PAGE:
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The answers to this related question of mine lead me to choose Java for most of my backend services (it's a multi-component system). Now, I'm not sure whether that would be a good choice for cross-platform desktop GUI apps, as well. The Java desktop applications I remember using have that non-native look that I don't like, but I'm not sure if that depends on the choice of GUI toolkit rather than the language.

Most of my GUIs will be web-based, and the desktop ones will have a relatively small audience (administrators, developers and testers), so I can only put aside a small fraction of my time budget to do those. Still, I want native look and avoid a bunch of dependencies.

It's probably most adequate to start with the GUI toolkit I want to use and then pick a language that supports it. The cross-platform ones I know are:

  • GTK
  • qt
  • AIR (when it arrives on Linux)

So, for example, I might use GTK# with .Net/Mono. What kind of dependency issues am I going to face? Would you recommend separating the actual GUI from the rest of the application and use GTK on Linux, and something native on Windows, like Windows Forms, thus avoiding to have to install GTK on Windows?

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2 Answers 2

up vote 2 down vote accepted

Bruce Eckel is a great sponsor of Flex as cross-platform user interface, for both Java and python services. He wrote about it quite a lot, on Artima:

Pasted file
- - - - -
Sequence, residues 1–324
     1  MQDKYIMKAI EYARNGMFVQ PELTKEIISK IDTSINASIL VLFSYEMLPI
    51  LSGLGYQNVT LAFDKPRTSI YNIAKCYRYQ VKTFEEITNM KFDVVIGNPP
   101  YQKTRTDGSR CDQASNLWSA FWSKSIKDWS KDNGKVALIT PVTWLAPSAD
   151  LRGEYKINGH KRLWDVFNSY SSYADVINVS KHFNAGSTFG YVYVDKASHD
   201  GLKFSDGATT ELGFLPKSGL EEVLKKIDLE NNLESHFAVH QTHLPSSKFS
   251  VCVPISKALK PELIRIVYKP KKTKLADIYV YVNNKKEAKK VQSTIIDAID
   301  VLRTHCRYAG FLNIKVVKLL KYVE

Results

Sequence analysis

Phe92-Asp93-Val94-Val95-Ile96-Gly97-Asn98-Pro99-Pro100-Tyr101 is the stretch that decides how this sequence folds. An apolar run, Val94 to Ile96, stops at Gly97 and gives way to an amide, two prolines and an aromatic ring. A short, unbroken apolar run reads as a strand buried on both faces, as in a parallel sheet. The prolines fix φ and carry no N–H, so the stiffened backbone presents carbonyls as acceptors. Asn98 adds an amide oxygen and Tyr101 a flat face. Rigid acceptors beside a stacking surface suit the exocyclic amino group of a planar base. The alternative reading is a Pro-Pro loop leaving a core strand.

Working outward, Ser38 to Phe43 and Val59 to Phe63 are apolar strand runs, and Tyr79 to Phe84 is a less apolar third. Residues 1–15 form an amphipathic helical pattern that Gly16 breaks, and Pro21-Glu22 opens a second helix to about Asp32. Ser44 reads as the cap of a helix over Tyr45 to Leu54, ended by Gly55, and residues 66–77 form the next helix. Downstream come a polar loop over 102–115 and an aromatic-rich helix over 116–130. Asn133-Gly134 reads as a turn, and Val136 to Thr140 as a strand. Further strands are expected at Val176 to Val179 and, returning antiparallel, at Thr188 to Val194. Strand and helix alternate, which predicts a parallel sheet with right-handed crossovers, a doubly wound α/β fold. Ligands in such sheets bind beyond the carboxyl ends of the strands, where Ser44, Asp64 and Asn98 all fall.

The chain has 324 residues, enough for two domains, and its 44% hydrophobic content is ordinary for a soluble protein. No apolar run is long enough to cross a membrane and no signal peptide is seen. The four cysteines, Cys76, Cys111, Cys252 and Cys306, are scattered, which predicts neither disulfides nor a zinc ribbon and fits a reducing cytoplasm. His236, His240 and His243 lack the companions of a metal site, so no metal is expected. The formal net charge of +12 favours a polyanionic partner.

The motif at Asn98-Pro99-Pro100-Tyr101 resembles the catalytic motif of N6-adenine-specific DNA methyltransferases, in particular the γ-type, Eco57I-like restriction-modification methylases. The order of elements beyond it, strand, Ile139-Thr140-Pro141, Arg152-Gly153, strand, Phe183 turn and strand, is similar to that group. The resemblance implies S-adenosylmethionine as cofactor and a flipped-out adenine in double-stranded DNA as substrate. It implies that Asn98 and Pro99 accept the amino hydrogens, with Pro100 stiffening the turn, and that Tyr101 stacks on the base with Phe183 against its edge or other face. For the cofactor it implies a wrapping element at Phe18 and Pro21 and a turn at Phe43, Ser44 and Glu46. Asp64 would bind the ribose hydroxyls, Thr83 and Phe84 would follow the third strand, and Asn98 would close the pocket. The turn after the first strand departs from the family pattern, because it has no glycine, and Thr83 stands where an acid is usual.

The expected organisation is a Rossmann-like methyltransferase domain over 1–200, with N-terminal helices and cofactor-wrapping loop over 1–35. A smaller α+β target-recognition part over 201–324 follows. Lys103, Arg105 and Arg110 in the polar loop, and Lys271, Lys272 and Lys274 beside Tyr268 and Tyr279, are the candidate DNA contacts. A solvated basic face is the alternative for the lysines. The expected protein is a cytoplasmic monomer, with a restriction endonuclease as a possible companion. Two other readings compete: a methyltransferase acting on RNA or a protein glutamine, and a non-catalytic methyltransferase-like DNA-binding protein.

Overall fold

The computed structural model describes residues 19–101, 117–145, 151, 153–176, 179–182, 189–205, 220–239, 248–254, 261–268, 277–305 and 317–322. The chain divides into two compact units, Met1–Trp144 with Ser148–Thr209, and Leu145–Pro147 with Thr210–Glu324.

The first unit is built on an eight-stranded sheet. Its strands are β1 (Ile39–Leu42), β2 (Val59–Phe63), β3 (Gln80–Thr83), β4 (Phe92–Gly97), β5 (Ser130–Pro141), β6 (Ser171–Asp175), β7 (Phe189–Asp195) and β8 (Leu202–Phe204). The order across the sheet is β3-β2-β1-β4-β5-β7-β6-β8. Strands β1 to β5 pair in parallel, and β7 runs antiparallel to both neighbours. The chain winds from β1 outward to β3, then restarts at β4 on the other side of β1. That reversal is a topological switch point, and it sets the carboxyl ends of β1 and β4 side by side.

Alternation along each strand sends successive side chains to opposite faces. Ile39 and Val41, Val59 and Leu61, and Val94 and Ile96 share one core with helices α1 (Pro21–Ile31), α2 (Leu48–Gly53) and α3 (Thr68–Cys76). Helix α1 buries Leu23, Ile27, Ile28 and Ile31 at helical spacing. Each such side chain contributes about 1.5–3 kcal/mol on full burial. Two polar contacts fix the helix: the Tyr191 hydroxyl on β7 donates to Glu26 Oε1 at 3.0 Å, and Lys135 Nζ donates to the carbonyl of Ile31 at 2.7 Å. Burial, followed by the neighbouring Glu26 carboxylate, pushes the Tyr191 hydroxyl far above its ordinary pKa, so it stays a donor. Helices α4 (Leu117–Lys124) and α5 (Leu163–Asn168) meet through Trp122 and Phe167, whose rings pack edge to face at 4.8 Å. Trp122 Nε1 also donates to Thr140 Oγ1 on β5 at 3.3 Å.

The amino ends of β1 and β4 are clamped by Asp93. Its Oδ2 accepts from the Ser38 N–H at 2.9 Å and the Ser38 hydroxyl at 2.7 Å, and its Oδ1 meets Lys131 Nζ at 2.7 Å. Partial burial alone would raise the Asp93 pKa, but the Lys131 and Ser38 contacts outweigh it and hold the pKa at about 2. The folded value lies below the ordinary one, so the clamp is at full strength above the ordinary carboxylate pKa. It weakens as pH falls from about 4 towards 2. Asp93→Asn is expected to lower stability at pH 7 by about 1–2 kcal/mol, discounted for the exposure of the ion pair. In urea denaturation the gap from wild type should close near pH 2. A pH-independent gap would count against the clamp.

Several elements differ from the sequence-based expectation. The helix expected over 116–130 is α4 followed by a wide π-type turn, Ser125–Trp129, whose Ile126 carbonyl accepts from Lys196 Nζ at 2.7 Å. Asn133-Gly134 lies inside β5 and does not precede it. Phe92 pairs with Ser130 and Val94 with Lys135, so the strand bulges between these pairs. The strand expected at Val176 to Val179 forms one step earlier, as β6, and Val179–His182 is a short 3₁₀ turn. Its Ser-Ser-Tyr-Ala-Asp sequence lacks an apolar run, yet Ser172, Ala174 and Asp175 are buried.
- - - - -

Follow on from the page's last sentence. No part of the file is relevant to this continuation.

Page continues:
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Note that Bruce Eckel was actually paid by Adobe to write about Flex and promote it, so keep in mind that he might not be quite objective source –  Marko Jul 16 '09 at 21:57

SWT is your answer. I worked on a project which used SWT and it looks great on whatever you throw at it. If you work with Java, then you probably have used the best example of SWT out there: Eclipse. It works with GTK, WinForms, Cocoa, Qt even Tk. Oh! And it's very easy once you get all the basics going on. Also, most of the components are ready. Another thing, GTK and C# are not that platform independent as you might dream of.

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SWT hadn't worked across the latest version of Eclipse (under Mac OS X at least) which was a shame. I've worked closely with SWT and I'd highly recommend it. Azureus torrent client is written in SWT, as well as Eclipse itself. –  Kieran Senior Dec 31 '08 at 11:35

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